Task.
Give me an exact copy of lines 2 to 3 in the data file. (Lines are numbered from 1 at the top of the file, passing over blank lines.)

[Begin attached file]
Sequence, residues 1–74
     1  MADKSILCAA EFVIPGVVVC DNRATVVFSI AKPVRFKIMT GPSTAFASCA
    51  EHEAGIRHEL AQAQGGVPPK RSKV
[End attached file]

     1  MADKSILCAA EFVIPGVVVC DNRATVVFSI AKPVRFKIMT GPSTAFASCA
    51  EHEAGIRHEL AQAQGGVPPK RSKV